As you stand in front of it, you can clearly see what can be discovered in the surrounding area. There are numerous footpaths and bridleways, flora and fauna as well as directions to the village itself. Claygate is full of restaurants, pubs, cafes and village shops. It is surrounded by beautiful countryside views, walks and rides. It is well worth a day out, whichever mode of transport you choose. With the financial help of Surrey County Council, Claygate Parish Council and with a personal contribution of my own, the board has been created, developed and finally delivered on site today.

Thanks must go to Sarah Kingsley from Eclipse Creative for her patience and wonderful art skills. Also thanks to Elmbridge’s Countryside Officer Dave Page. Dave originally helped me to create the map, adding to my ideas with his in depth knowledge of the local countryside due to both his keen interest and occupation. Dave and his co workers from the Elmbridge Countryside Team put the board in place this morning. Residents will now have the benefit of seeing at a glance what is going on in their village community. Horse riders, dog walkers, cyclists, runners and hikers will find new tracks, wildlife and plants as well as discovering a little about the local history of Claygate. Thank you to everyone that has helped this community idea finally come to fruition.

Please click here to see the map: Claygate Coverts Road Map (004)

Coverts Road Notice Board

Coverts Road Notice Board Claygate

 

Heathrow

heathrow_3_750Heathrow was a poor locational choice for a new major airport even when it opened in 1944 and replaced Croydon and Hendon airports.  Also the land for this new London Airport was forcibly purchased by the national government under special powers – the Defence of the Realm Act – without compensation to the landowners specifically to avoid public opposition.

A similar approach is happening today.  Notwithstanding, the impact of an enlarged airport on noise, air and ground pollution the proposed airport expansion does not make economic sense.  The assumptions used in the Davies report  – discount rates for investment, payback periods and PFI rates etc could be considered designed to ensure that the recommendation of the report  could only be Heathrow.

If it is considered that south-east England needs extra airport capacity then it should be in the Thames estuary if at all and while such an airport is being built then perhaps Gatwick could be expanded as a less dreadful choice than Heathrow.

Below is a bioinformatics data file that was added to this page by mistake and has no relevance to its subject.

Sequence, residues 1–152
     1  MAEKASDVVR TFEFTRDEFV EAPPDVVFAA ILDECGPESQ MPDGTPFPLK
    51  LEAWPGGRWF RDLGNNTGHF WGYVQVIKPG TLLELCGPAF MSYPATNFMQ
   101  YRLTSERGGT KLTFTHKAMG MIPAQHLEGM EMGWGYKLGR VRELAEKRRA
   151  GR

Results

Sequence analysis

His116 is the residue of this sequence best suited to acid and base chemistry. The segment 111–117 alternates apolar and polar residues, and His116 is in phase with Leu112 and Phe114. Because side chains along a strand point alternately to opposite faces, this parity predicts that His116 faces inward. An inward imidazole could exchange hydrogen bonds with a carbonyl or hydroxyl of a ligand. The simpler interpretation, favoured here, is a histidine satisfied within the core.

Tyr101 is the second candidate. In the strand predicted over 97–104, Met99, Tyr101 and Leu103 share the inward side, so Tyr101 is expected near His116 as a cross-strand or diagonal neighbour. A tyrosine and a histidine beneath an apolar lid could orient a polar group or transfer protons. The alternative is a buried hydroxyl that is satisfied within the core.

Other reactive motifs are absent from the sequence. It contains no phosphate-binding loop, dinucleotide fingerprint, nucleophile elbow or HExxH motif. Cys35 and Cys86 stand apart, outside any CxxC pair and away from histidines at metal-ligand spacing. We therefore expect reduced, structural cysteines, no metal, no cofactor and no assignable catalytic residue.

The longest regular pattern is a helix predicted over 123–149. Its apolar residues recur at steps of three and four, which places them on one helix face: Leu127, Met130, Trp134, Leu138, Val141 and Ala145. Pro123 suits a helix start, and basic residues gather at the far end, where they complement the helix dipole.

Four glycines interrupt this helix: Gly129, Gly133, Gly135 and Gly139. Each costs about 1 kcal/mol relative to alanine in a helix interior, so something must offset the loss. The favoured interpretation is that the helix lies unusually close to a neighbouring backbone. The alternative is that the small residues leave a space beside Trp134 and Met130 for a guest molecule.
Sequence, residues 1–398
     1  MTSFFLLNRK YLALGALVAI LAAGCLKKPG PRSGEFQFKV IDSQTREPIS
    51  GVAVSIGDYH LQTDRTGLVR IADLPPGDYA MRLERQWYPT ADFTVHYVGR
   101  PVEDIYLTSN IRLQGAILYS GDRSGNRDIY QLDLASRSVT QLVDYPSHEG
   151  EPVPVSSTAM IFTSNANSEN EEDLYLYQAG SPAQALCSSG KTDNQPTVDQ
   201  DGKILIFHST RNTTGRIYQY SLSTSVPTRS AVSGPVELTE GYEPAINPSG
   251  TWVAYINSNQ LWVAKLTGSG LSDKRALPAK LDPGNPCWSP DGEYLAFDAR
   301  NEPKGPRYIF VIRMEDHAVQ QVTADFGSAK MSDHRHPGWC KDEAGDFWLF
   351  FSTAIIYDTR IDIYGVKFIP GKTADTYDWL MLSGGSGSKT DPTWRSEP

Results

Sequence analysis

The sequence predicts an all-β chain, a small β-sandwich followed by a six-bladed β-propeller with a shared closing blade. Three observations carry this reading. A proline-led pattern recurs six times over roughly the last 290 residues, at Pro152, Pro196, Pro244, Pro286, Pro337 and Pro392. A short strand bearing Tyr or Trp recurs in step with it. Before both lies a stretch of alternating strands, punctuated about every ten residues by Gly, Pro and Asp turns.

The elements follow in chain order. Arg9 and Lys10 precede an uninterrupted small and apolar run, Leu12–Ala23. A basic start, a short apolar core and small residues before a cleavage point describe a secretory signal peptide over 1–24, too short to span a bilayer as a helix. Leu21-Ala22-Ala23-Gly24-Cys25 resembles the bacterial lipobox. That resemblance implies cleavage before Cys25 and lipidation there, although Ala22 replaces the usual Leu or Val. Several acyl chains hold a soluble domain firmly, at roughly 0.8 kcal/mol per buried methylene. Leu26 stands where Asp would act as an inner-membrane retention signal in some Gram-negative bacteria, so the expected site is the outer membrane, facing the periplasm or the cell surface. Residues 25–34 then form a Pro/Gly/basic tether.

At present Heathrow is running at too high a capacity – far higher than other airports. Heathrow should have the number of flights reduced so that it ordinarily runs at 80% capacity.  At such capacity the amount of stacking would be reduced, thus dramatically reducing air pollution and noise (saving fuel too) and also the airport would be able to cope better when the weather is not so favourable.

To do this the national government  – with one year’s notice  – should randomly withdraw six slots (flight movements in or out) a month (a week would be better but more unsettling for the industry).  The reason that withdrawn slots should be randomly chosen is to avoid any possibility that airlines could be seen to affect the choice of slot to be removed.  At the same time four of those slots would be leased by auction for, say, five years to the highest bidder.  The revenue would not go to the airport but to the state.  The revenues could be partly used to either compensate those who lived near the airport before it was built or to develop better landside connections to reduce air pollution from arriving road traffic or both.

Elmbridge Sport hub EIA

environmental impact assessmentAfter the decision by the full Planning Committee regarding the sports hub, we have now received the outcome from the Secretary Of State regarding the need for an Environmental Impact Assessment (EIA) and he has decided that an EIA is required.  The essence of what the Secretary Of State said is: